Go to the Trollshaws and you'll find the 3 trolls that tried to eat Bilbo and the Dwarves in the Hobbit, turned to stone around their cold campfire, complete with the bird's nest in the one troll's shoulder that the Fellowship later saw.

Yeah they paid that much attention to detail, even down to the fact that at night if you look up at the sky the stars and planets are in the exact positions that Tolkein wrote about as the positions of the constellations when the Hobbits left for Rivendell.

You also meet a lot of famous, or infamous characters from the books. They're NPCs and some of them are there for window dressing, while others are important parts of quests. You get to meet Tom Bombadil and Goldberry (people that only saw the movies are going huh? while people into the books are probably grinning), Lobella Sackville-Baggins, Farmer Maggot and his dogs, Gammer Took, and on and on. And those are just the minor characters, later on while doing the Epic quests you meet everyone from Gandalf to Strider to Bilbo, Frodo and Sam, Legolas, Gimli, Elrond, and on and on, they're all in there. You'll even meet a Nazgul from time to time, even though you probably wished you hadn't.

The attention to detail is downright mindnumbing. Everything from all of the areas looking like they are supposed to, down to the right sort of foliage for each area and different background music.

To top it all off 90% of the world is one contiguous "zone", which means if you're going from Bree even all the way to Rivendell in one shot, you're never going to see a "loading please wait" screen. Now there is one non-contiguous "gate" in the game as far as the landscape goes, and that's between the Shire and Erin-Luin, simply because there is a huge chunk of area between them that hasn't been put in the game. Yet.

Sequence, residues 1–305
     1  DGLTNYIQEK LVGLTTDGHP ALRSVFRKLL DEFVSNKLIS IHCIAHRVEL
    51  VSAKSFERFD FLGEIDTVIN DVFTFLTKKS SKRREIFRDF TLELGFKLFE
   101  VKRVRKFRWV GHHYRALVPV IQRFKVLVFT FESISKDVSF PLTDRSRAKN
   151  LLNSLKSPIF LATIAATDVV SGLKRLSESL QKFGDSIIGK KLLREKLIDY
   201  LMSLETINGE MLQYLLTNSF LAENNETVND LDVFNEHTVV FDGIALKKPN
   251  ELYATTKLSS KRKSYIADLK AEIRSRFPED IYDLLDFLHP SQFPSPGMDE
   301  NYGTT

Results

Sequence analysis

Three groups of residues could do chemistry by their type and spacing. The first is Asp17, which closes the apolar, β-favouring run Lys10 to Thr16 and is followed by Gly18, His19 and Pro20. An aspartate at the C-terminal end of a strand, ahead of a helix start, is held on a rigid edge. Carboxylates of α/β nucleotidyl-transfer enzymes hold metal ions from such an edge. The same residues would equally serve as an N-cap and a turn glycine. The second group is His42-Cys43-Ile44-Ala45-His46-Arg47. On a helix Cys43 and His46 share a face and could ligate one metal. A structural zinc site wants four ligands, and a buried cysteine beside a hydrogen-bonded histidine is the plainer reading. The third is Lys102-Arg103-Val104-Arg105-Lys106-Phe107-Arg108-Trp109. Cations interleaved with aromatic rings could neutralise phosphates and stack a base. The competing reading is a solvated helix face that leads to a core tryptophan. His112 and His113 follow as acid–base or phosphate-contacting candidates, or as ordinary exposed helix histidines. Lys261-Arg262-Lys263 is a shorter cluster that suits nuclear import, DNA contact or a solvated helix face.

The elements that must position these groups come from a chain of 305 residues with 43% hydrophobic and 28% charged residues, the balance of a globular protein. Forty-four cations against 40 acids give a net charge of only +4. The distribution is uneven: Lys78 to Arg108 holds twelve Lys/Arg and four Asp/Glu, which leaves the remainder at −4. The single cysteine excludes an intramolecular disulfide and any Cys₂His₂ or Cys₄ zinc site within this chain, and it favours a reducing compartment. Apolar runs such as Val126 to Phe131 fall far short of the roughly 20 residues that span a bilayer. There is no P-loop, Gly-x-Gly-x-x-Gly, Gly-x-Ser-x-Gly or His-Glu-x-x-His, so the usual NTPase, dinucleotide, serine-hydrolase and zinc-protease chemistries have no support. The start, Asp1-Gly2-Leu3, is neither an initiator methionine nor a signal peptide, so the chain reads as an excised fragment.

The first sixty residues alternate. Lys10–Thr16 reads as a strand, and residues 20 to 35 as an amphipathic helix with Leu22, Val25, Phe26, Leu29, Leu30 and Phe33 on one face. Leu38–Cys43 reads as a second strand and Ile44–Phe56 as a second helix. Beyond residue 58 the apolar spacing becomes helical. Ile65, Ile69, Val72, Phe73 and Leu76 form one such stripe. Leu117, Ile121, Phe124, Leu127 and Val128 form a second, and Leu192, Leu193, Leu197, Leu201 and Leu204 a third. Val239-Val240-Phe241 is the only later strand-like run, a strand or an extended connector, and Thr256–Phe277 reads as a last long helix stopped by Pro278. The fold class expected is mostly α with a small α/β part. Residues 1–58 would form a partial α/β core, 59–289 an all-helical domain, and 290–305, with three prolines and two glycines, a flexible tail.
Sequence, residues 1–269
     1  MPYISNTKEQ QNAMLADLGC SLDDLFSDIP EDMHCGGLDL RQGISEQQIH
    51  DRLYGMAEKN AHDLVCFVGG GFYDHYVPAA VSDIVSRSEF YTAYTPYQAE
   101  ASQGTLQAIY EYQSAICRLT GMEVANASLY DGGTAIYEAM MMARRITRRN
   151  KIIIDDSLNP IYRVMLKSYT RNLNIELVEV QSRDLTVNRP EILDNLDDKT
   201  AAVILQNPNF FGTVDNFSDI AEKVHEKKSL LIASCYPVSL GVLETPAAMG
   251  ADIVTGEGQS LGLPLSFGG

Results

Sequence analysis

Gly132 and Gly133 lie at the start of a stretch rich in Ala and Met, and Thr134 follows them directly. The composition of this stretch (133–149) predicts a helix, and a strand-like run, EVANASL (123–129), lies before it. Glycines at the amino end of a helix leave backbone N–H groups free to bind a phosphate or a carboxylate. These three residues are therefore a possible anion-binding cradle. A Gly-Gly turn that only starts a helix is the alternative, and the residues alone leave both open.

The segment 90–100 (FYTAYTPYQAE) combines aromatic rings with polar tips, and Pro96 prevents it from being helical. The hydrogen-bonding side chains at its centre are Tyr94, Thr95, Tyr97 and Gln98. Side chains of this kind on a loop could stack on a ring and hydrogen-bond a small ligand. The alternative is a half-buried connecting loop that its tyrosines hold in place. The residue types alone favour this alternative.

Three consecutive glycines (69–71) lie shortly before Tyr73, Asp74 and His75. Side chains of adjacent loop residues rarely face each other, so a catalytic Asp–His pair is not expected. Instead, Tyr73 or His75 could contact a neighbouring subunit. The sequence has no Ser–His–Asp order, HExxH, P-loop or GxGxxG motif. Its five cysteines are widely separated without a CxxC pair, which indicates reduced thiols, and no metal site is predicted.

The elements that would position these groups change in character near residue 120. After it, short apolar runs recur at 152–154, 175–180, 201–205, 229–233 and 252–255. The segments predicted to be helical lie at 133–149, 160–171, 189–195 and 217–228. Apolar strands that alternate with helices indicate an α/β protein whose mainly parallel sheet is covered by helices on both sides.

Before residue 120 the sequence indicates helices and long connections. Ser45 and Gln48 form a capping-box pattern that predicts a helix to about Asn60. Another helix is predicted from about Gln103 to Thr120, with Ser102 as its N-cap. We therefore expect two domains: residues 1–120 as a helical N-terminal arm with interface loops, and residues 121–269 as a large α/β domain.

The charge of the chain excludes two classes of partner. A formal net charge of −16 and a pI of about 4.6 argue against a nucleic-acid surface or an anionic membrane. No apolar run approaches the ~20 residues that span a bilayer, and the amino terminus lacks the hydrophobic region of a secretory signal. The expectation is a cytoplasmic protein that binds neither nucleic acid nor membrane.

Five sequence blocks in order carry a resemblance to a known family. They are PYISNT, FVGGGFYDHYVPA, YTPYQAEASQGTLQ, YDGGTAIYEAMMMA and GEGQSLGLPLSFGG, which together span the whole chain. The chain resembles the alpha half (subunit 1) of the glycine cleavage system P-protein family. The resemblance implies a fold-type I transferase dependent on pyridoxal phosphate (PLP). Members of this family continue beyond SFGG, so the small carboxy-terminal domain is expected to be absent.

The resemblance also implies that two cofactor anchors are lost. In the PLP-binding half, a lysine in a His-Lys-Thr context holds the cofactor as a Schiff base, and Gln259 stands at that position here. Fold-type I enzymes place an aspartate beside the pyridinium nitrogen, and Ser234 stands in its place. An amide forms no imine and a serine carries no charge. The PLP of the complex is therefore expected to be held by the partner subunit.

There are also loading screens when you go into various instances. Some are dungeons, some are building interiors and some are adventure instances where your party is seperated from the larger world for story considerations. Yes I said story considerations, I'll talk about that next because...this is getting freakin long again. :lol:

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There is definately a story going on. It's not one of those random,"Get thee forth and kill shite to become powerful" sort of games without any storyline. I mean yeah you can kill things and take their stuff at random, but to get the most bang for your buck so to speak you're going to want to do the story quests.

What are the story quests? Well they're also called Epic quests and unlike in some games they really are "epic." The game's story progresses through Books which also have Chapters. You start out in the Prologue, which you'd equate Red (and others) with Pre-Searing in Guild Wars. You do it to get an intoduction to the game, your starting race and class, and it sets the tone of the whole game. After that you progress to Book I, Book II, etc. each of which fills in the blanks on what is going on in the Big Picture. The first Book has you talking to Strider in the Prancing Pony just before he takes the Hobbits east towards Rivendell. From there each zone has one or more books that advance the story in that area.